In 1945, 75 years ago, World War II in the Pacific ended with the Battle of Okinawa and the atomic bombing of Japan. These important events, in which Wisconsin service members did their full duty, still impact the world today.
From April until August 2020, the Wisconsin Veterans Museum staff will explore World War II’s end, highlighting materials and stories of Wisconsin veterans in our collection. Follow the links in the post to explore related collections and more Wisconsin stories.
Okinawa: Genesis of a Battle
The Battle of Okinawa, which raged from April 1st to July 2nd, 1945, was a remarkable struggle in many respects. It was the final battle of World War II in the Pacific, the last major battle before the atomic age, and the largest sea-air-land battle in history. It also cost more American casualties than any previous Pacific battle.
The invasion of Okinawa and the surrounding Ryukyu Islands, codenamed ICEBERG, resulted from strategy decisions of the previous summer. After the invasion of the Mariana Islands in June and July, 1944, U.S. forces stood ready to push into the Western Pacific toward Formosa (modern Taiwan) and the Philippines. Planners in Washington favored Formosa as the next target, while General Douglas MacArthur pushed for going to the Philippines. After considerable debate, the decision was made to liberate the Philippines. Admiral Chester Nimitz, commander of the Central Pacific forces, would bypass Formosa and seize key airfields and bases in Iwo Jima and Okinawa. Victory in all three places would set the stage for the climactic invasion of Japan proper.
The capture of Okinawa was assigned to Lieutenant General Simon B. Buckner Jr.’s Tenth Army. Buckner commanded 183,000 soldiers and Marines, divided into Marine Major General Roy Geiger’s III Amphibious Corps (1st and 6th Marine Divisions) and the Army’s XXIV Corps (7th, 27th, 77th, and 96th Infantry Divisions) under Major General John Hodge. Offshore, over 1,000 British and U.S. ships of Admiral Raymond Spruance’s Fifth Fleet would support Buckner’s forces.
Defending the island were the 100,000 Japanese soldiers of Lieutenant General Mitsuru Ushijima’s 32d Army. The defenders included veterans of fighting in China, reinforcements from Manchuria and Japan proper, and over 20,000 Okinawan volunteers. Naval and air units in Japan also stood ready to assist the defenders.
Both Buckner and Ushijima developed plans that accounted for Okinawa’s geography. The island was long and narrow, measuring sixty-two miles long and two miles wide at its narrowest point, and hilly in its northern and southern ends. Most of the population lived in the island’s southern third, which was also the site of Naha, Okinawa’s capital and best port.
Reefs and cliffs limited possible landing sites to essentially two: the beaches around Hagushi on the island’s west coast and the Minatoga area on Okinawa’s southeastern end. Buckner decided to land his main force at Hagushi, while sending the 2d Marine Division would simulate a landing at Minatoga as a distraction. Once ashore, Tenth Army would secure Okinawa’s southern section before pushing into the northern end. A third phase would see the capture of some outlying islands. The campaign was expected to be finished by the end of May.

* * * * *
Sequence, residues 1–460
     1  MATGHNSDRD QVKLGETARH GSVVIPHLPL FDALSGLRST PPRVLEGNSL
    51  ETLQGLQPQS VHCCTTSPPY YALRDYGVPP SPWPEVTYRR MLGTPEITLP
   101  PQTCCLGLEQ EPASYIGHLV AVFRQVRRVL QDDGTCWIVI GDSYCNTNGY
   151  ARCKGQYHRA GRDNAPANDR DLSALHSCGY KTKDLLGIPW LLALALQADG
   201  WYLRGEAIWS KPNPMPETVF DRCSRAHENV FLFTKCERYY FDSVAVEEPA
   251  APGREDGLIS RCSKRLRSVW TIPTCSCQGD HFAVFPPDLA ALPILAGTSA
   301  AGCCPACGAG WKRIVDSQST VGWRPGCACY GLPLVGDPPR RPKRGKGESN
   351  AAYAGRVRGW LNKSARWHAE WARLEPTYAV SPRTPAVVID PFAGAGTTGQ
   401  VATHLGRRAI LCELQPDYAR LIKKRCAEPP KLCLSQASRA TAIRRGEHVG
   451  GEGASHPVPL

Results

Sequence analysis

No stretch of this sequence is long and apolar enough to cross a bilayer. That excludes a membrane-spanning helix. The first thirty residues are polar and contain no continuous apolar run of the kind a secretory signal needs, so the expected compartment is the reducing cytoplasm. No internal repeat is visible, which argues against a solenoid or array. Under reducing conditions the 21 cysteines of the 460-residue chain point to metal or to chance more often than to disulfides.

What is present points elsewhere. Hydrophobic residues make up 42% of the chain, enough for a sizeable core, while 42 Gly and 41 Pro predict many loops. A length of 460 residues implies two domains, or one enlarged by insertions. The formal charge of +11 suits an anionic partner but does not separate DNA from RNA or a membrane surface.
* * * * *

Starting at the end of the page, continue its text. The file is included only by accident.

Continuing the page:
For his part, Ushijima realized that the overwhelming superiority of American firepower made holding the beaches impossible. Instead, he left small detachments in central and northern Okinawa, deploying the rest of his forces in the island’s southern section. His troops heavily fortified the area around Naha and Shuri, whose ancient castle capped a large series of ridges. Ushijima understood the importance of his mission. “Should we be unable to defend,” he told his troops, “the execution of the present war would be extremely difficult and would become a life-and-death problem for our nation.”
Operation ICEBERG began with the 77th Infantry Division’s landing in the Kerama Islands on March 26th, 1945. Six days later, on April 1st, Tenth Army stormed ashore at Hagushi. Amazed American troops, expecting to meet heavy resistance, instead marched inland without seeing or hearing much of the enemy at all. Objectives like Yontan and Kadena Airfields fell in hours, rather than the expected days. In the 1st Marine Division, James Anderson, of Dallas, WI, remembered,
“The first day we fell into a long line of Marines, and we just marched right down the road, and there wasn’t any fighting at all.”
The Americans pushed forward, cutting the island in two on April 2nd. The next day Buckner unleashed the Marines into northern Okinawa ahead of schedule, while XXIV Corps turned southward. Within two days the 7th and 96th Infantry Divisions encountered strong Japanese fortifications, the first layer of defensive positions before Shuri. “Increasing resistance,” noted Buckner in his diary.
The quiet first days of the Okinawa invasion seemed surreal.
“The desperate and bloody resistance at the water-line that had marked every other invasion of the Pacific was entirely wanting,” recalled an officer in the 6th Marine Division. “Easter services could have been held in the open on a beach that had loomed in advance as one of the toughest of them all.”
But the lull was ending. In the Japanese Home Islands, 325 miles to the north, air and naval units prepared to enter the battle. On Okinawa the 32d Army steeled itself for the trials ahead. “Do your utmost,” Ushijima told his troops. “The victory of the century lies before us.”